In a cogent and generously detailed email response to me, Ron Asmus-who was a former deputy to Richard Holbrooke, a leading proponent of NATO expansion, and now heads the GMF's Brussels branch-says that the letter was not sponsored by GMF. Though the letter emerged from a study group that the German Marshall Fund sponsored, Asmus notes, the GMF itself did not want to claim responsibility for any actual open letter:

From a GMF perspective, we wanted the analytical piece and our grant was clear on that. We did not want to have our name on the advocacy piece. But we agreed that if they wanted to do a separate sister advocacy piece based on the research of the analytical piece, that was their decision.

But as Asmus observes, he himself has written on the topic of American relations with Eastern Europe and Russia, which helped form the backdrop for the study group, and the letter was itself a natural outgrowth of the meetings held by the GMF. How much original analysis was actually contained in the study-group project is also an interesting question-for the most part, the open letter is an extended and eloquent collection of Central European grievances toward American policy, but no more than that. It contains no stunning new policy insights, but then again, there are probably none to be had. The issues and divisions are already clear, and have been for some time.

More interestingly, the letter actually testifies to the influence of the German Marshall Fund in, at a minimum, serving as a laboratory for the letter and, in a sense, it's a pity that the organization didn't want to claim public credit for it. The letter was, you could even say, something of a public relations coup. But in that case it might not have had quite the impact that it carried. A seemingly extempore declaration from anguished Central European leaders is likely to have a bit more impact than a carefully conceived memorandum emanating from a Western think-tank, however prominent.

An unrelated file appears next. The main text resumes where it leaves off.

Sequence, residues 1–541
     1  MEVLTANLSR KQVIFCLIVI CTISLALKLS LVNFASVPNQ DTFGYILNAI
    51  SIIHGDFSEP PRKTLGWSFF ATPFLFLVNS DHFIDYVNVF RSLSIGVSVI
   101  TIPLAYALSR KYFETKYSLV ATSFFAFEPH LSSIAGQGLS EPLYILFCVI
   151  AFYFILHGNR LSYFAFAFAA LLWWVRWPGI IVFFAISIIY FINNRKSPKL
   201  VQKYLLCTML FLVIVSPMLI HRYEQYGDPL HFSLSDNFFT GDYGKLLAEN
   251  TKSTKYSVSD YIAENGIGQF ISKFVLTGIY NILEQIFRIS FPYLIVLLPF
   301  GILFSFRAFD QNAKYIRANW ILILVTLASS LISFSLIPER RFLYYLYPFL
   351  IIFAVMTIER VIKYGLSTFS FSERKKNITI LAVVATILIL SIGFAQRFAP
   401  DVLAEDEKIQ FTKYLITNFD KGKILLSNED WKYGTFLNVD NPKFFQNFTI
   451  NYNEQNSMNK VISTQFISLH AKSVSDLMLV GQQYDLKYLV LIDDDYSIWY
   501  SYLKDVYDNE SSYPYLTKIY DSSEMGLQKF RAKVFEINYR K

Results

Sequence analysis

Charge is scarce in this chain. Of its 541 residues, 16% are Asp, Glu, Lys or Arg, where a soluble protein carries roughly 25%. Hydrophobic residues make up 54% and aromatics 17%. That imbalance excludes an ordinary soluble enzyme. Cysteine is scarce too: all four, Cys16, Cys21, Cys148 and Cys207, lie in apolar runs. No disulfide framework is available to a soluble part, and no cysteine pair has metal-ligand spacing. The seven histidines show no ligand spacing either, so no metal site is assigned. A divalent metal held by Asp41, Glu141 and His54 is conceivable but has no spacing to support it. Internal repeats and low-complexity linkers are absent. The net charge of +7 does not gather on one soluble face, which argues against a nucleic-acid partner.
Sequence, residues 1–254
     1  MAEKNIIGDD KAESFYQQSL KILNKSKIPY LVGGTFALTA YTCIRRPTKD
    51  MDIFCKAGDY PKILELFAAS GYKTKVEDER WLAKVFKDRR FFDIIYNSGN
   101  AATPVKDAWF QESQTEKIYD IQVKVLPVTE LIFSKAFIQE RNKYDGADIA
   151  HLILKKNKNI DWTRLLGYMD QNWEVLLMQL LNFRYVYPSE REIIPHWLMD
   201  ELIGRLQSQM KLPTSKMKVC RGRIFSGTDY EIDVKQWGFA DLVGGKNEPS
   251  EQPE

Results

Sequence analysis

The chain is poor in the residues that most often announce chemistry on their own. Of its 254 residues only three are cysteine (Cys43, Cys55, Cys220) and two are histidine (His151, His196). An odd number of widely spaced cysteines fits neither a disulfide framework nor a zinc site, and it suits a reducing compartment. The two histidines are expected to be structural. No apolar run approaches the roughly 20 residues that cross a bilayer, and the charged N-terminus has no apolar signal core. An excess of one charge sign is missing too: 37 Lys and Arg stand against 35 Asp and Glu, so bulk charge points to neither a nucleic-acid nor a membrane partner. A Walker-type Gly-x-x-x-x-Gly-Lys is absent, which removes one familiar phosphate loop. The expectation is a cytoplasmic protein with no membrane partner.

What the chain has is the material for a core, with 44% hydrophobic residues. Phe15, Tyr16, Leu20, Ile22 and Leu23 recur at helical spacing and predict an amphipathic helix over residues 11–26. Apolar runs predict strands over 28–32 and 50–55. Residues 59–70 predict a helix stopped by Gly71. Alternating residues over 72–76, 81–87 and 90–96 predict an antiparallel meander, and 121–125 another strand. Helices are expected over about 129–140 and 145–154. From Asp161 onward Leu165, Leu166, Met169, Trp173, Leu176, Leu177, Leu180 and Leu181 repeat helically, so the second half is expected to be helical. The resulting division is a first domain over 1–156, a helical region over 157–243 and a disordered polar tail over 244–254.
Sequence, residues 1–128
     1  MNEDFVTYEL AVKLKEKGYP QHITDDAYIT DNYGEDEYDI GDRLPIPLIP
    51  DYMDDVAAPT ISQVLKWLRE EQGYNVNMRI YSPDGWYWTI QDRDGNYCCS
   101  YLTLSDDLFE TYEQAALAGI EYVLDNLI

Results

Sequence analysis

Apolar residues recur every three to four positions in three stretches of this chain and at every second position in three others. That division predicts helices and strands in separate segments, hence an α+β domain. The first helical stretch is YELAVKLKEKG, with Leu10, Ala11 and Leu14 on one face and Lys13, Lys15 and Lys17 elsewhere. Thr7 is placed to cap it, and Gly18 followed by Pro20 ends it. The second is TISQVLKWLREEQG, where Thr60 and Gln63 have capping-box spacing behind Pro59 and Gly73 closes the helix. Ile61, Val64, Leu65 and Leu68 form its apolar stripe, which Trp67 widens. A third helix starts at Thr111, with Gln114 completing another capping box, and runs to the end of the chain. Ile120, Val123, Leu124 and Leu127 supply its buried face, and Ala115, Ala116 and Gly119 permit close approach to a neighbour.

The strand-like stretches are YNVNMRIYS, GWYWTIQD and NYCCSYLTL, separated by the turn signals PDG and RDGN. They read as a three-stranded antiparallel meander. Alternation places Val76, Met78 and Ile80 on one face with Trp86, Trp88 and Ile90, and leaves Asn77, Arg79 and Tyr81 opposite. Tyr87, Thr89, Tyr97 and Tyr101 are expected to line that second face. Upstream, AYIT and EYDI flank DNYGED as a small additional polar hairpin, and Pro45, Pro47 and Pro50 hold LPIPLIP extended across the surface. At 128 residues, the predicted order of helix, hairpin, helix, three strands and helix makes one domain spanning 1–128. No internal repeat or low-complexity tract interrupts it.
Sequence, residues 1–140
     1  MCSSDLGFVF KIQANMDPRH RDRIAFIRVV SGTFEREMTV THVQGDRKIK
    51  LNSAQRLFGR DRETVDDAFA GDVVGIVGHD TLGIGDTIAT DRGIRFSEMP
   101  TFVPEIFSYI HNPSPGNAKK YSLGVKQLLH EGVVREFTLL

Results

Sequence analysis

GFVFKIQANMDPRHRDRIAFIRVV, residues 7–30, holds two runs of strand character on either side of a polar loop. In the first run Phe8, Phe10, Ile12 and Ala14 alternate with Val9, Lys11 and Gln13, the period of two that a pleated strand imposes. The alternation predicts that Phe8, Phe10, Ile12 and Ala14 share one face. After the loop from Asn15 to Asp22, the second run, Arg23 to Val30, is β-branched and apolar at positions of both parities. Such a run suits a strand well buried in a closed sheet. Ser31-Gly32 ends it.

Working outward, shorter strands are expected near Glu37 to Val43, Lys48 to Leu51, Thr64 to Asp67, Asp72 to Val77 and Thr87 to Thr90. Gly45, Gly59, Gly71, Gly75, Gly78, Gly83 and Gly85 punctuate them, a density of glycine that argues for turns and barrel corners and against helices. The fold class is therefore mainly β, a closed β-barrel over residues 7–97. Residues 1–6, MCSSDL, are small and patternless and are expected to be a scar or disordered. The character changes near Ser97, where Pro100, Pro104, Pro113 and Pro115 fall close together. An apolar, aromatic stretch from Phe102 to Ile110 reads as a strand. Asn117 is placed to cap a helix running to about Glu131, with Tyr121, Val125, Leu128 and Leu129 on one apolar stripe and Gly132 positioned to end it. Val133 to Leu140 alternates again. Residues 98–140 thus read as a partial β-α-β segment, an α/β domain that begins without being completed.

Putting the merits or demerits of the letter aside, its very existence is testament to the sway that organizations working behind the scenes can help exert upon public perceptions of weighty foreign-policy issues. Just as the neoconservatives attempted, and continue to attempt, to sway debate, so organizations such as the German Marshall Fund that lean toward the liberal hawk end of the political spectrum are also trying to push the Obama administration to adopt a more truculent stance, at least toward Russia, under the rubric of a pro-Atlanticist and pro-freedom agenda.

Fair enough. But where the original open letter fell somewhat short, I think, is in being more, well, open about its own gestation. Imagine if Central European leaders had released such a letter that had emerged from a study group held by an avowedly neoconservative organization, but no one knew until later about its true provenance. The hue and cry would have been enormous. In this instance, then, the signers of the letter might have noted that their missive had its genesis in discussion held by the GMF, which would have been closer to what might be called truth in foreign policy advertising. But most of all, it's the press-the New York Times and other outlets that originally publicized the letter-that failed to give their readers the true background to a missive that wasn't simply a spontaneous plea, but a manifesto with what turns out to be its own involved history.


Jacob Heilbrunn is a senior editor at The National Interest.